Now I’ve seen it all

The new Bagel Virus takes the cake. (Update: Also known as Beagle, Bagle, etc.)

It comes as an EXE attachment (which would be blocked by all current versions of Outlook and Outlook Express) with the subject "Test" and the message body "Test, yep."

It doesn't even attempt to socially engineer the user into opening the attachment (no celebrity photos, no fake Microsoft security patches, etc) and yet the distribution is listed as "High."

Comments (11)
  1. Actually, based on the dozen copies that I got from a prominent VB developer, Outlook doesn’t block this one. At least, I’m seeing attachments with .exe extensions rather than the "Outlook has blocked potentially harmful attachments" message. I haven’t bothered to try to figure out how it works.

  2. Christoc says:

    That’s where those emails started coming from Today 🙂 O2k3 has been blocking their attachments for me.

  3. Peter Torr says:

    Mike: What version of Outlook do you have? The Symantec site doesn’t list anything special about the virus.

    One has to wonder what motivates people to click on the EXE (and say "OK" to the warning dialog) in this case.

  4. Interesting. I’m also running Outlook 2003.

    As to why people click on things: people are morons. Simple as that. Yes, that goes double for the VB developer I didn’t name.

  5. Peter Torr says:

    The virus apparently spoofs the "from" address, so don’t be so quick to blame that person — it could have come from anyone.

    As for why you see the EXE… perhaps you (or your admin) changed the default settings:


  6. David Cumps says:

    Users can’t resist temptation :p

    They click and click and click but forget to think

  7. Eric Lippert says:

    It’s not that users are morons or that they "forget" to think. Its that users are trained to not think. Users very quickly learn from experience that:

    * dialog boxes are modal. But users do not think of them as "modal", they think of them as "preventing me from getting any work done until I get rid of them."

    * dialog boxes almost always go away when you click the leftmost or rightmost button

    * dialog boxes usually say "If you want to tech the tech, you need to tech the tech with the teching tech tech. Tech the tech? Yes / No"

    * If you press one of those buttons, something happens. If you press the other one, nothing happens. Very few users want nothing to happen — in the majority of cases, whatever happens is what the user wanted to happen. Only in rare cases does something bad happen.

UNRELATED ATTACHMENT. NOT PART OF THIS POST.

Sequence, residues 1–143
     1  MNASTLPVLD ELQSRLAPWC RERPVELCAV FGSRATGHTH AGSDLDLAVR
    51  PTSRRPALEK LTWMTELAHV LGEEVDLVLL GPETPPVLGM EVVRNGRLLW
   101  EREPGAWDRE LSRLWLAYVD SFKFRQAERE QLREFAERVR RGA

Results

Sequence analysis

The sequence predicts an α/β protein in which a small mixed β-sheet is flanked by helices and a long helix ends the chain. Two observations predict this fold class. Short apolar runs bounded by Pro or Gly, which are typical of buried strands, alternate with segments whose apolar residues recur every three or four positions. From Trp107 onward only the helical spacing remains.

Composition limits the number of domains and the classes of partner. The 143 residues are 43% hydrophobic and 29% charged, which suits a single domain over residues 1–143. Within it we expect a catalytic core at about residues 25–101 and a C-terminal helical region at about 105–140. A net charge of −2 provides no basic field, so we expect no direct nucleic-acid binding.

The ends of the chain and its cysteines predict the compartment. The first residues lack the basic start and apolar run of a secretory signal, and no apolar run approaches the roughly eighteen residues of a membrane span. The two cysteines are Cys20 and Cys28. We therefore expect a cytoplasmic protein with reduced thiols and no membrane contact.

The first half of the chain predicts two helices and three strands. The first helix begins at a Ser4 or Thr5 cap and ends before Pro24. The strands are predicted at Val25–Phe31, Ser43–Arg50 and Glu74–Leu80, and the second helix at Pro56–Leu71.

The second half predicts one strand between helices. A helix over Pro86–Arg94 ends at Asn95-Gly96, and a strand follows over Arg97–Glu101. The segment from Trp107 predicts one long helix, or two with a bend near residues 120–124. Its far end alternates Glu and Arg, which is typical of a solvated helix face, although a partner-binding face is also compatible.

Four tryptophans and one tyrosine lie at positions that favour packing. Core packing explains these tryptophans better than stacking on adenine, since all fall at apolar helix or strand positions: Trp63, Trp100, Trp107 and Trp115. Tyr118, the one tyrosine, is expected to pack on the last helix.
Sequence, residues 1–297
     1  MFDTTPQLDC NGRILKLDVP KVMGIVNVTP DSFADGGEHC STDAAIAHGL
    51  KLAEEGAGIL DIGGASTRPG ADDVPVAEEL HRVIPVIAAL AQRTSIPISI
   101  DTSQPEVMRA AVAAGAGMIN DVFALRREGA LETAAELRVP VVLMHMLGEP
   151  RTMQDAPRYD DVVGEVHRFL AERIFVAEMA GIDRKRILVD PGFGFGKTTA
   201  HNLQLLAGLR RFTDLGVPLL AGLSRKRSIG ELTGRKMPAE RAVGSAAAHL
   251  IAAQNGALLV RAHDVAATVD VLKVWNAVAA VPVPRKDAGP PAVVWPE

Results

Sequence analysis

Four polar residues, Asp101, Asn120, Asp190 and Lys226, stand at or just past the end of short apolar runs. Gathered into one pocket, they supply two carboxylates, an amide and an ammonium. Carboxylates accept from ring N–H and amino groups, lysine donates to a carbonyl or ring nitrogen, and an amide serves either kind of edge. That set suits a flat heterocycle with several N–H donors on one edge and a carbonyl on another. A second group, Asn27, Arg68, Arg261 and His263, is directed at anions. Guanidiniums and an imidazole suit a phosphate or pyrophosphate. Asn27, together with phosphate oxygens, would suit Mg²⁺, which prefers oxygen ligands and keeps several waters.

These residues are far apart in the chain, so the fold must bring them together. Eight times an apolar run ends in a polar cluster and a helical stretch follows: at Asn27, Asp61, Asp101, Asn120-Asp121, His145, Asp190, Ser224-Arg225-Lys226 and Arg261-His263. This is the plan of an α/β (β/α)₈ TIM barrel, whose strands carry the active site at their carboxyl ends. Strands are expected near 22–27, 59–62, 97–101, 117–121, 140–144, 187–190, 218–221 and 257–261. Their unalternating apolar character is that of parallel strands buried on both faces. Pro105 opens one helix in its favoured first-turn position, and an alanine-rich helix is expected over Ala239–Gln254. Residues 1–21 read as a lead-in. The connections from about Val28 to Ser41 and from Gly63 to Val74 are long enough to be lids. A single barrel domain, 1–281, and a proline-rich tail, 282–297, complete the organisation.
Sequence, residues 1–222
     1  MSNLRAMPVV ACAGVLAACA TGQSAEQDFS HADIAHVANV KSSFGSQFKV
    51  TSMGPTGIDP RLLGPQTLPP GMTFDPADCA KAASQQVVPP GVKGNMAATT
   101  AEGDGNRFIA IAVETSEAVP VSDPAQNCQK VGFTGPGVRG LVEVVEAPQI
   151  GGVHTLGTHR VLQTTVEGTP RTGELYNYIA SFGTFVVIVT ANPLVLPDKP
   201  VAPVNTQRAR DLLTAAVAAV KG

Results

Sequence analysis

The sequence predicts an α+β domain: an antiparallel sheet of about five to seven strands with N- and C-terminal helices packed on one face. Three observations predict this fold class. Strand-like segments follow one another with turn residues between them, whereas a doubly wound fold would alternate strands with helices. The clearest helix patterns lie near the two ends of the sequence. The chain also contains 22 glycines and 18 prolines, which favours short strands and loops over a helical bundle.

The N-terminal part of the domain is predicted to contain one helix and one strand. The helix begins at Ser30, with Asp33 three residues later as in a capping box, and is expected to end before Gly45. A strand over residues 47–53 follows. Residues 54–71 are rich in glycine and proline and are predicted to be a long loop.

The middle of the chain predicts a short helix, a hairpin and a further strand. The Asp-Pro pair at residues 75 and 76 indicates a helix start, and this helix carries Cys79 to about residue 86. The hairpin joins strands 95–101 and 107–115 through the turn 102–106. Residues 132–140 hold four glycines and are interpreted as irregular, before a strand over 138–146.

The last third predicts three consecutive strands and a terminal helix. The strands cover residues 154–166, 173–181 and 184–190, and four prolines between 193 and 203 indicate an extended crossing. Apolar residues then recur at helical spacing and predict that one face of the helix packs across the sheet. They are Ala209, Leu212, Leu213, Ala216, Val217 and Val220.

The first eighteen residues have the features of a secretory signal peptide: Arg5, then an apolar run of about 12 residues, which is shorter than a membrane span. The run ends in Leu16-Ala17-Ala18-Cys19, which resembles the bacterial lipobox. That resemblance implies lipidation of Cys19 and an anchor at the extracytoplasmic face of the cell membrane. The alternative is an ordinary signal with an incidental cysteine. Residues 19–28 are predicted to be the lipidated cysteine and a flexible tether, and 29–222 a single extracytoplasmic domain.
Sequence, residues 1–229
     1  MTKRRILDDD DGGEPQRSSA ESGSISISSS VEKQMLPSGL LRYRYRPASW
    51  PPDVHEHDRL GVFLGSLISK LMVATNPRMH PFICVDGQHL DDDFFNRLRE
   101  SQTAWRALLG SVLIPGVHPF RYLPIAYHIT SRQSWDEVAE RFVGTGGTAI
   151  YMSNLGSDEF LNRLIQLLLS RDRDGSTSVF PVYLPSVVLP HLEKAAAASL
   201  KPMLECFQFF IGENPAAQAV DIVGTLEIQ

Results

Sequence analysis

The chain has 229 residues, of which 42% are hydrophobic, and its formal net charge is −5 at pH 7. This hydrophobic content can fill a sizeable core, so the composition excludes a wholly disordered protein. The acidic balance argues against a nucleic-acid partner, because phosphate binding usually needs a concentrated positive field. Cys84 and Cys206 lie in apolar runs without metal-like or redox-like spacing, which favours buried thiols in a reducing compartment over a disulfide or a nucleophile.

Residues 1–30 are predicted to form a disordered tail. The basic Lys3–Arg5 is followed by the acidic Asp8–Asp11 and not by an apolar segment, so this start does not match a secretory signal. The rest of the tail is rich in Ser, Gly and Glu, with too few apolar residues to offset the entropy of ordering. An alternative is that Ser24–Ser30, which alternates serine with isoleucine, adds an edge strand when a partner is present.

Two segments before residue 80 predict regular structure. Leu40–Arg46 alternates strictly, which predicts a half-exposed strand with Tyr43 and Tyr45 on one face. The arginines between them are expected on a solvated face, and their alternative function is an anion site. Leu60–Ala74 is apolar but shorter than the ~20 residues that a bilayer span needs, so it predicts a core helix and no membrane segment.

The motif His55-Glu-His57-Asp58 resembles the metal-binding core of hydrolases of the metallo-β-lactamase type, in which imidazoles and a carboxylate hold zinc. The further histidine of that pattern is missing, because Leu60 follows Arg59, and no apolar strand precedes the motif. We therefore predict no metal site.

In short, from a user perspective, dialog boxes are impediments to productivity which provide no information. It’s like giving shocks or food pellets to monkeys when they press buttons — primates very quickly learn what gives them the good stuff and avoids the bad.

    Modal dialog boxes are in general, badness — and you’ll see that more and more products rely less and less upon them. But they are particularly heinous when security is on the line. Security questions cannot be asked on a "retail" basis. The way users make security decisions is to set their policies appropriately and then let the security system enforce their wishes "wholesale".

  8. Peter Torr says:

    Amen to that.

    Although the interesting thing in this case is *why* they open the attachment. They are not compelled to by the text of the message.

    Perhaps another thing we can add to the food-pellet theory is that people have learnt that if someone sends you an attachment then you’re probably supposed to open it, even if it has a random name, you have no idea what it does, and the e-mail doesn’t actually ask you to open it.

  9. RichB says:

    I’ve seen one of these sent to the Mono Open Source mailing list and one spoofed from a Genghis address (the open source .Net library). Clearly, these originated from developers who are working with cutting edge technologies – so we can’t simply blame dumb lusers.

    Quite often I see the argument (from Microsofties) that the software version on their desktop stops these viruses, therefore there is no excuse for them getting into the wild. This is just not the case – how many people still run Windows 98? How many people have Office 2000? How many people have IE 5.0? How many people have an unpatched IE5.5 or IE6? Clearly too many, but that doesn’t mean that it’s the user’s fault.

  10. Patone says:

    Regarding Users: By the time you make something idiot-proof, they’ll make a better idiot.

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